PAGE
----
Human Rights Watch
Human Rights Watch is dedicated to protecting the human rights of people around the world. We stand with victims and activists to prevent discrimination, to uphold political freedom, to protect people from inhumane conduct in wartime, and to bring offenders to justice. We investigate and expose human rights violations and hold abusers accountable. We challenge governments and those who hold power to end abusive practices and respect international human rights law. We enlist the public and the international community to support the cause of human rights for all.
The World Report 2013
The World Report is Human Rights Watch’s twenty-third annual review of human rights practices around the globe. It summarizes key human rights issues in more than 90 countries and territories worldwide, drawing on events from the end of 2011 through November 2012.
The book is divided into three main parts: an essay section, photo essays, and country-specific chapters.
In the introductory essay, Human Rights Watch Executive Director Ken Roth considers the “day after” the end of abusive rule in countries. As the euphoria of the Arab Spring gives way to frustration over the slow pace of change, he notes that toppling dictators may yet prove easier than the messy and complicated process of building a rights-respecting democracy. But while the future may be uncertain, he warns against pining for the predictability of authoritarian rule, and cautions those now in power not to restrict the rights of others based on so-called morals, cherished values, or whatever restrictions a majority of voters will support. In this crucial, norm-building period, he says, effective courts, accountable public officials, and institutions of governance are needed to ensure that rights are upheld and the promise of the Arab Spring is realized.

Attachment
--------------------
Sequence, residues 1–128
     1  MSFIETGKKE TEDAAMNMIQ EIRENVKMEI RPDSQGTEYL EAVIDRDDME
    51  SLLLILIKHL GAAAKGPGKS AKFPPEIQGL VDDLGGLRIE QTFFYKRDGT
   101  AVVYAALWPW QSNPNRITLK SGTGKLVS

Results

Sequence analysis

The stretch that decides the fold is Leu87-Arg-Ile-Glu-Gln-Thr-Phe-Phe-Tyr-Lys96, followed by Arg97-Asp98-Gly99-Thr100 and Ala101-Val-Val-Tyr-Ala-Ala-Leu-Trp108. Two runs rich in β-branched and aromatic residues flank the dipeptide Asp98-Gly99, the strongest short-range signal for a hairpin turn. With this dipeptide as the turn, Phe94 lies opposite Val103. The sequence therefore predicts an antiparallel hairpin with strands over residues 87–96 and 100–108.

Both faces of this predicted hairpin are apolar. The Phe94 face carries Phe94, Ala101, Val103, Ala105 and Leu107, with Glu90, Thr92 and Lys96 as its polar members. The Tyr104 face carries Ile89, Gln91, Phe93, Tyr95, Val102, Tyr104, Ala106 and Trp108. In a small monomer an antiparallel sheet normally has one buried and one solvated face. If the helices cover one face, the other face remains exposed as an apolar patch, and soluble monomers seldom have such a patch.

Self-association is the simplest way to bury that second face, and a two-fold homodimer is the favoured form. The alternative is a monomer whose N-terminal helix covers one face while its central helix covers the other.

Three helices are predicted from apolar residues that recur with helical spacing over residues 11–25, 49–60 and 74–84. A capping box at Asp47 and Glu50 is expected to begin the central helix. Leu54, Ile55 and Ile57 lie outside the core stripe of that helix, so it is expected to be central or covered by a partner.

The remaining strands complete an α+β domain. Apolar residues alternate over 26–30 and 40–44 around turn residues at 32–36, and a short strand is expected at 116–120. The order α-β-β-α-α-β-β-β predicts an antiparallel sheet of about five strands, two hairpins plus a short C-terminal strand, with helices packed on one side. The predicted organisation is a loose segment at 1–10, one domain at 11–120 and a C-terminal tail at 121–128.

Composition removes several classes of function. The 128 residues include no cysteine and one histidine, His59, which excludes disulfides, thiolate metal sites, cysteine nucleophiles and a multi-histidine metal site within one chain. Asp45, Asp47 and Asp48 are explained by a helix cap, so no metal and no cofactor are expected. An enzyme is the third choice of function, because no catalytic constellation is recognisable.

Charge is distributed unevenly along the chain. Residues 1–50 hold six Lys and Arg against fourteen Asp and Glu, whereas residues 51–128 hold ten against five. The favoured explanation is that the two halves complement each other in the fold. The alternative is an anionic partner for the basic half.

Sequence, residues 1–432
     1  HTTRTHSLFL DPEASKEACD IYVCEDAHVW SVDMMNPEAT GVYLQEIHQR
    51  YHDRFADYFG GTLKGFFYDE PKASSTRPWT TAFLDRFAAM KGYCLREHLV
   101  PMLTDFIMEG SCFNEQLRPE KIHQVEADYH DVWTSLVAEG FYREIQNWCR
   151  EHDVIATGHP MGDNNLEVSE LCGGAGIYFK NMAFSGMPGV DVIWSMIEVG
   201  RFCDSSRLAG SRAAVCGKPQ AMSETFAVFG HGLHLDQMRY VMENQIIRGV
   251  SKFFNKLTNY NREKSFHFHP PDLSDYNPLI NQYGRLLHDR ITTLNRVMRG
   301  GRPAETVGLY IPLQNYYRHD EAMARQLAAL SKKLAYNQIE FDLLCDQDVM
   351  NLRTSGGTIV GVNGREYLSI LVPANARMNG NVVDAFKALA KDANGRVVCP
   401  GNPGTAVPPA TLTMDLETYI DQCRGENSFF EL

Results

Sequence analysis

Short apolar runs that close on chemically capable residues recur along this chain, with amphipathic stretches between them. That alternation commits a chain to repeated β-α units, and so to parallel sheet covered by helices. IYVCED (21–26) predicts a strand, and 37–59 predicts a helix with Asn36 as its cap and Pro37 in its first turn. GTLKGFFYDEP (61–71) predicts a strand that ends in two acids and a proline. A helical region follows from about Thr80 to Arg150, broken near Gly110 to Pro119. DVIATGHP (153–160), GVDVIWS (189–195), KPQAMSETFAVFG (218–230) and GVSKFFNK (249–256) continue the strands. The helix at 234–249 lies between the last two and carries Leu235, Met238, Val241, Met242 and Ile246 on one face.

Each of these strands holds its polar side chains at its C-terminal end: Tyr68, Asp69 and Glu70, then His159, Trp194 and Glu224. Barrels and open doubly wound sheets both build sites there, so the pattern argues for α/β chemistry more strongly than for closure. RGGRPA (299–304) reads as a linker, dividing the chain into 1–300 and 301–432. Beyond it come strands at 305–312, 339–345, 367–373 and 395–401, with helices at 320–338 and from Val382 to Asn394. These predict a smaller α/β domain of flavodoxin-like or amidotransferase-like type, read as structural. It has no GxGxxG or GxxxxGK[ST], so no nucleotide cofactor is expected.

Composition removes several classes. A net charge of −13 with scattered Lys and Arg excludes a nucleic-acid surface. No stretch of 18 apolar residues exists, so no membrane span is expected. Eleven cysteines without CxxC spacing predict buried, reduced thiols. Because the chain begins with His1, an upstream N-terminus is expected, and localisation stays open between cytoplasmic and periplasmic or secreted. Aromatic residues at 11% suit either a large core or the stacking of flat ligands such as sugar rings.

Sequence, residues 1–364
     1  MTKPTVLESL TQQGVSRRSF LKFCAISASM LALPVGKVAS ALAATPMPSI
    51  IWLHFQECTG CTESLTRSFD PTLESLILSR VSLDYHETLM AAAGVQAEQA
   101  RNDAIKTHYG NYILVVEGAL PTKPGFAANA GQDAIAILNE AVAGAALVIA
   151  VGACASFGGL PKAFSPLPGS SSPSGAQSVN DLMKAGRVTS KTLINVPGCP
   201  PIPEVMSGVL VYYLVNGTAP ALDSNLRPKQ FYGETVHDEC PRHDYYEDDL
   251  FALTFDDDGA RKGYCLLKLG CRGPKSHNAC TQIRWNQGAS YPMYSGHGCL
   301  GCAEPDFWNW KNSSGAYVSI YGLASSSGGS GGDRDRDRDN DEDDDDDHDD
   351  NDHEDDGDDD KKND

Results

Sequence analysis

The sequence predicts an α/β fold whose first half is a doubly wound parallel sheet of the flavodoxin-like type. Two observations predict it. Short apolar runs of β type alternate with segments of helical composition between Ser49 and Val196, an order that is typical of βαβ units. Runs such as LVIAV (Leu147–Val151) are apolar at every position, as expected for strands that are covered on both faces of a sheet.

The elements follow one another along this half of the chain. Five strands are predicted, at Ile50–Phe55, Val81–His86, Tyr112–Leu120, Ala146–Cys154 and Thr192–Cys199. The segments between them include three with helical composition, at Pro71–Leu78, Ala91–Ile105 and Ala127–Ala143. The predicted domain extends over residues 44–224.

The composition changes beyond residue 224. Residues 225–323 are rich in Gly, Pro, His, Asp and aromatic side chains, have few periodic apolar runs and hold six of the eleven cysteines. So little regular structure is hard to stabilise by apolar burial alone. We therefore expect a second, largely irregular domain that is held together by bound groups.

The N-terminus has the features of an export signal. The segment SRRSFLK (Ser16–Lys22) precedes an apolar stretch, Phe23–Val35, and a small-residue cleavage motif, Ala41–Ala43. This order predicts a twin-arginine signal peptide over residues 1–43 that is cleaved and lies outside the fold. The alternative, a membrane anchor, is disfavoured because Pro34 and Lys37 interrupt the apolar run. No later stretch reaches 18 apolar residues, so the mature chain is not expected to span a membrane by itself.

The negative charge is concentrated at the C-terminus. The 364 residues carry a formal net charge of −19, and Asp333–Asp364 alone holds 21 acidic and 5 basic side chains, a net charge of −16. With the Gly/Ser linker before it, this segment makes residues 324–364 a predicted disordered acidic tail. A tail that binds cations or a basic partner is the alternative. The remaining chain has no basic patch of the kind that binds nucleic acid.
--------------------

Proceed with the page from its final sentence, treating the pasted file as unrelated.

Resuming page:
Next, Graeme Reid sounds a warning about countries evoking tradition and traditional values to undermine human rights, especially for women and members of the lesbian, gay, bisexual, and transgender community (“The Trouble With Tradition: When “Values” Trample Over Rights”). He argues that far from being benign, as its language suggests, a recently passed United Nations Human Rights Council resolution “promoting human rights and fundamental freedoms” via “a better understanding of traditional values of humankind” tramples over diversity, and fails to acknowledge just how fluid traditional practice and customary law can be.